Banking services came to a standstill and 14 million cheques worth about `80,000 crore were not processed
New Delhi: The second day of the two-day strike called by India’s main trade unions to protest against the price rise and government policies was largely peaceful but public transport, banking and postal services were hit on Thursday.
Many auto factories, steel and textile mills and mines were shut due to the strike supported by the 11 trade unions that included the Congress party affiliated Indian National Trade Union Congress (INTUC).
Union leaders called the strike a success and said the government needs to act quickly to curb inflation, reduce the use of contract labour and reverse policy changes such as overseas investment in supermarkets.
“Over the last 48 hours, more than 100 million people participated in the strike across the country," said A.K. Padmanabhan, president of the Centre of Indian Trade Unions (CITU), a trade union affiliated to the Communist Party of India-Marxist (CPM).
Issues such as equal pay for equal work can be addressed by the government immediately without going to Parliament, he said. “Such issues are on hold for last few years."
Banking services came to a standstill and 14 million cheques worth about ₹ 80,000 crore were not processed in the last two days as clearing houses were closed, according to C.H. Venkatachalam, general secretary of the All India Bank Employees Association (AIBEA).
“In all banks, including State Bank of India and other public-sector banks, old-generation private banks, foreign banks, regional rural banks, and co-operative banks, one million employees and officers participated in the strike," Venkatachalam said.
The violence reported in Noida on the outskirts of Delhi on Wednesday will adversely impact investment sentiment in India and the government must take strong action against the “hooligans," the Associated Chambers of Commerce and Industry of India (Assocham) said in a statement.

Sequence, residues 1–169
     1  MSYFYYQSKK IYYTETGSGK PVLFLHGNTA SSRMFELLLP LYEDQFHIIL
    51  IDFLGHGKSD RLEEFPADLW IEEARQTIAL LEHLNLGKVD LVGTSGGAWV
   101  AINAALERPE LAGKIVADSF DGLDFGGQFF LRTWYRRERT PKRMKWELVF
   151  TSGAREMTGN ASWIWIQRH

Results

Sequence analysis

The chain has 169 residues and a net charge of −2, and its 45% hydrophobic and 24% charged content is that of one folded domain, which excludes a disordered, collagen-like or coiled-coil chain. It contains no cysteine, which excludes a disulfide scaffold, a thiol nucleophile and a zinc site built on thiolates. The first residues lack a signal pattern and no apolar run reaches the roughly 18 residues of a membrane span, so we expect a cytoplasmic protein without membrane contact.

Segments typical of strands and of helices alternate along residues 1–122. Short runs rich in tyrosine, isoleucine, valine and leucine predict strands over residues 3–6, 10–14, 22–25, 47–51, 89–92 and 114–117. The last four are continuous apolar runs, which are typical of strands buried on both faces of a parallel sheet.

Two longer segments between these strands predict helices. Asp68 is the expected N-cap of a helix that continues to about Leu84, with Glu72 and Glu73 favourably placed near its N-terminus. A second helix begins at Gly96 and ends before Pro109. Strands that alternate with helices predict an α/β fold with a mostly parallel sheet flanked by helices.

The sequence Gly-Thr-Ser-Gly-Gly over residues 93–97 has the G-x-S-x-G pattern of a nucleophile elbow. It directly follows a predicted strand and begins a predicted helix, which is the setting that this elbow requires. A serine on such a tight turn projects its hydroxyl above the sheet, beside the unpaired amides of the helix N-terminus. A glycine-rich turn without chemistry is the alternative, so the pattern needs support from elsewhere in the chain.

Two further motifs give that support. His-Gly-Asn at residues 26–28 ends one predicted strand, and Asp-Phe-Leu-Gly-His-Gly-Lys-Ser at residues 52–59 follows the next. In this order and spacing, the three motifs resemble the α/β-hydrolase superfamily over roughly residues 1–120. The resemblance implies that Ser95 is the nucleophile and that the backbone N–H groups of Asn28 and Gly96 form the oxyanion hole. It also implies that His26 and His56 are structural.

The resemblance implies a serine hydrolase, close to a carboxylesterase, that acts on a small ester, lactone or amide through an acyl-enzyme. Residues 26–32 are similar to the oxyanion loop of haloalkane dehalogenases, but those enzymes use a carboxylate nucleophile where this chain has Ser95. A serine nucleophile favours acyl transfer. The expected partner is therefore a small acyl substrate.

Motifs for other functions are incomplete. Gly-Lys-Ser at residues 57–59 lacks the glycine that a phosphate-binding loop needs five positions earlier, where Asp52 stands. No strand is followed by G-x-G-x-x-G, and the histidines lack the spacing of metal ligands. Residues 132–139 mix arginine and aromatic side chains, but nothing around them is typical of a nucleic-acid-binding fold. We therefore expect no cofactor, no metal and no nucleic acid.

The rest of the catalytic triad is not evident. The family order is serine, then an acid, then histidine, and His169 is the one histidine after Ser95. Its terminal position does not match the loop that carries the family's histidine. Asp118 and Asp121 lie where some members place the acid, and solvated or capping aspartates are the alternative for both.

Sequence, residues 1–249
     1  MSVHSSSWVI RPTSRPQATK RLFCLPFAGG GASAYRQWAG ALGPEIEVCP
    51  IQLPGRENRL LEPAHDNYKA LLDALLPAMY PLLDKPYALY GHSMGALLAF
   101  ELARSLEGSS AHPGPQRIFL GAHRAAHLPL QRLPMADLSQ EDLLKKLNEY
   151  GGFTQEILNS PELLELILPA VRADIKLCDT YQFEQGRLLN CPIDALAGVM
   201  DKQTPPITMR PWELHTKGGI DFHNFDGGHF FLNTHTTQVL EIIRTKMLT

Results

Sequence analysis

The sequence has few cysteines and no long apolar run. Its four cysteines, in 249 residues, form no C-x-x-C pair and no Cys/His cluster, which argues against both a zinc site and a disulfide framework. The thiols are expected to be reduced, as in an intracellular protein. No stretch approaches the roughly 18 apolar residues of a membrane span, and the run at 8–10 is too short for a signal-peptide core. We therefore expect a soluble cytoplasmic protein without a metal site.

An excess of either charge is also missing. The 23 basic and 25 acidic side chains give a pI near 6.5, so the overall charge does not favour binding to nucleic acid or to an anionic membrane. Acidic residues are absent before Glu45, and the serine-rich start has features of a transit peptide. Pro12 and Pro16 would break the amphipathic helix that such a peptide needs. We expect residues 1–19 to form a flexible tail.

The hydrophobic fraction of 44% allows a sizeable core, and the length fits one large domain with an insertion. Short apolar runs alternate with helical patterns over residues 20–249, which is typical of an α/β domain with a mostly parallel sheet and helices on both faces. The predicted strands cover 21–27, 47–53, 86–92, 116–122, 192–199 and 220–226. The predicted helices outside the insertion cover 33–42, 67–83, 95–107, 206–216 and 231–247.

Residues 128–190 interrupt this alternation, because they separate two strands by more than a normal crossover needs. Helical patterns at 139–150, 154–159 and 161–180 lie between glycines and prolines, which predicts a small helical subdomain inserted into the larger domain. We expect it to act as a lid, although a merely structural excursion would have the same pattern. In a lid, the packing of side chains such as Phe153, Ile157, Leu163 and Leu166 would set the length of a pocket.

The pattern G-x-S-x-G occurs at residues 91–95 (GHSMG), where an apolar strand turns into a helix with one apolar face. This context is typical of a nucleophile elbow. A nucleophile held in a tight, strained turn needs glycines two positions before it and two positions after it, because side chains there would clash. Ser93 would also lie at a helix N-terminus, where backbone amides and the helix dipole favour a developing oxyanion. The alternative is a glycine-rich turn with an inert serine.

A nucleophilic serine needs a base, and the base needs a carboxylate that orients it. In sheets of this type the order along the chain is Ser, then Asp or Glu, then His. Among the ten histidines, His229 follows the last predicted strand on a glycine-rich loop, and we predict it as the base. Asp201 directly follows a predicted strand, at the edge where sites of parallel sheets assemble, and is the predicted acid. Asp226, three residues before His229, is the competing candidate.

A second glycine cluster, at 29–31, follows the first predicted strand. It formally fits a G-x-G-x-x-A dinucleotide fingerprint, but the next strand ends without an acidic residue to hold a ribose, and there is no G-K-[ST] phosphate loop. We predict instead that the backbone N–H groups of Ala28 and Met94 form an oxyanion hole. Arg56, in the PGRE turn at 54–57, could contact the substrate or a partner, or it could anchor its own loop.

“In case immediate action is not taken, investment in Noida and Greater Noida will suffer. An investment worth thousands of crores has already been made in this NCR (national capital region) area in educational institutions, automobile units, IT software, electronics and hospitality sectors," Assocham secretary general D.S. Rawat said. “If a sense of security is not immediately provided, the realty sector will take the biggest hit as investors from Delhi and other nearby areas would not go there."
The lobby group estimated that the economy lost around ₹ 26,000 crore due to the two-day strike.
“What about workers’ sentiment?" Padmanabhan of CITU countered separately.
There were incidents of sporadic violence in Orissa and Bihar. Government transport was off the roads in Uttar Pradesh, and autorickshaws and taxis did not ply in several parts of the country, including the national capital. In West Bengal, the ear of a worker was reportedly chopped off, allegedly by supporters of the ruling Trinamool Congress party, for participating in the strike on Wednesday.
“Apart from taking away livelihood of millions of Indians who depend on their daily earnings to make ends meet, it shall do little to improve the regulatory environment in India," it said. “The demand raised by unions may be genuine but with over 90,000... trade unions in India, it is difficult to keep a tab on demands."
Most of the demands, such as improving working conditions in the informal sector, the minimum wage, social security, provident fund and bonus limit “can only be addressed through labour law reforms, which is the need of the hour", it said.
A revival of economic growth will help combat industrial tension, Planning Commission deputy chairman Montek Singh Ahluwalia said.
“I don’t want to comment on today’s strike. The limited point that I am making is on reviving industrial output. And when industry is back into a normal state, many other tensions on many issues will go down," he told reporters on the sidelines of an event in New Delhi.